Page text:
Internet of things News
Cisco Brings Intent-Based Networking To The IoT Edge: 5 Things To Know
New IoT Opportunities For Cisco Partners
Cisco wants to make Internet of Things deployments easier to scale and manage by expanding its intent-based networking capabilities to edge networks.
The San Francisco-based company announced Tuesday at the Cisco Live EMEA conference in Barcelona that it's launching the "industry's first integrated network architecture that extends intent-based networking capabilities to the IoT edge."
Vikas Butaney, vice president of product management for IoT at Cisco, told CRN that the new IoT edge capabilities will create new opportunities for channel partners already familiar with Cisco's intent-based networking tools and resources for traditional IT networks.
"We're giving them the tooling, training and capabilities that helps expand capabilities," he said.
As part of Cisco's announcement, the company detailed two new lines of IoT networking products, three validated designs to help partners accelerate IoT deployments and new training resources.
Here are five things you need to take away from Cisco's IoT edge announcement:
Why Intent-Based Networking Matters In IoT
Butaney said intent-based networking makes it easier to scale and manage IoT networks, which can have as many as tens of thousands of devices in one company, by bringing automating key IT functions. This, he said, gets rid of the new for what partners have traditionally done: manual setups, device-by-device.
"With intent-based networking, you can create consistent set of configurations and group those devices in innovative ways," he said.
This ability to create micro- and macro-segmentations of devices creates improved security within the network, preventing certain devices from talking to other systems to reduce security gaps, according to Butaney.
The intent-based networking infrastructure also gives partners full visibility and control of every aspect within the network, including performance, security, analytics and operations, he added.
Butaney said with the extension of intent-based networking to the edge, Cisco can provide a consistent experience across its entire network architecture, with one set of security policies.
New IoT Networking Product Lines
Cisco announced two new IoT networking product lines: the Cisco Catalyst IE3x00 series of switches and the Cisco IR1101 integrated services router. Designed for intent-based networking, the two product lines are "programmable, modular and edge-enabled today."
That means both products, which run on Cisco's IOS XE operating system, can be easily upgraded with new technologies, such as 5G, reducing the need to "rip and replace" when new products come to market. The company said this makes IR1101 the "industry's first 5G-ready industrial router." Meanwhile, the new Catalyst switches supports options for fiber, copper and Power-over-Ethernet ports.
"We are taking our intent-based networking architecture we have been working with channel partners and extending it to the IoT edge," Butaney said.
Validated Network Designs To Accelerate Deployments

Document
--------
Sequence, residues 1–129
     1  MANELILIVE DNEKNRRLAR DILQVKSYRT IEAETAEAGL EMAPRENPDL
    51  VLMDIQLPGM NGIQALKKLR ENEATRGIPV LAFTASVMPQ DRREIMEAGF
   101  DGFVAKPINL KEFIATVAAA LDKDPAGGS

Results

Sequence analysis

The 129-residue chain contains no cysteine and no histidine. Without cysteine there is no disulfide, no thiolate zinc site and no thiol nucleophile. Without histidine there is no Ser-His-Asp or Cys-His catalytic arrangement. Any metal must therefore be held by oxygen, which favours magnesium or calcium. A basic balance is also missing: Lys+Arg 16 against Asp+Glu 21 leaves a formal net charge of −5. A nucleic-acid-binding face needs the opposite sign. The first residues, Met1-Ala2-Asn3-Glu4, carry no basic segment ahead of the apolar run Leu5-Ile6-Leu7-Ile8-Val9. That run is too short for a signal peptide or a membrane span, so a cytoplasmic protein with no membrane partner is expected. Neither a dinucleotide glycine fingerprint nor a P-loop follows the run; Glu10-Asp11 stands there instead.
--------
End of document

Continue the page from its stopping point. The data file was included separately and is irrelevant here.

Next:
To help partners expand intent-based networking to IoT, the company is providing three new network designs that have been validated by Cisco and large industrial companies like Rockwell Automation and Siemens.
"In these environments, customers are risk-averse, so they need to be shown that this has been done before," according to Butaney.
The designs cover industrial automation for manufacturing plants, utility substations, mining operations and oil and gas environments; distribution automation for utility grid feeder networks and secondary substations; and remote and mobile assets for public safety vehicles, service fleets, outdoor equipment and remote sites.
Each design provides the system design and configuration, a bill of materials, common use cases and best practices for security. The company promises that the designs lowers the interoperability risk while providing partners faster and more repeatable deployments.
Supporting Application Development At The Edge
Cisco is making available application development tools and resources for the edge through the company's IoT Dev Center, an expansion of its DevNet program.
Butaney said developers can create new applications and microservices that run on Cisco's new switches and routers for the edge. The applications, in turn, can be sold through DevNet's app exchange program.
In addition to the exchange, DevNet, which Cisco said has a community of more than 500,000 developers, provides application development tutorials, sandboxes for writing and running code.
More IoT Training Resources For Partners
To get partners on board with Cisco's new intent-based networking capabilities for IoT, the company is expanding its training resources as part of its IoT Partner Program.
The program, which was launched at last year’s Cisco Partner Summit, has so far provided 50 training sessions for sales and technical professionals, with 500 attendees trained and 200 certified to date. Training sessions cover topics such as IoT networking and use cases for enterprises and mobile assets.
Butaney said Cisco wants to help train traditional IT partners who have opportunities to expand with existing customers who may find an increasing new for IoT expertise with their warehouses, distribution centers and parking lots, among other non-office environments.
"What we're finding is our customers need a trusted IoT partner base," Butaney said.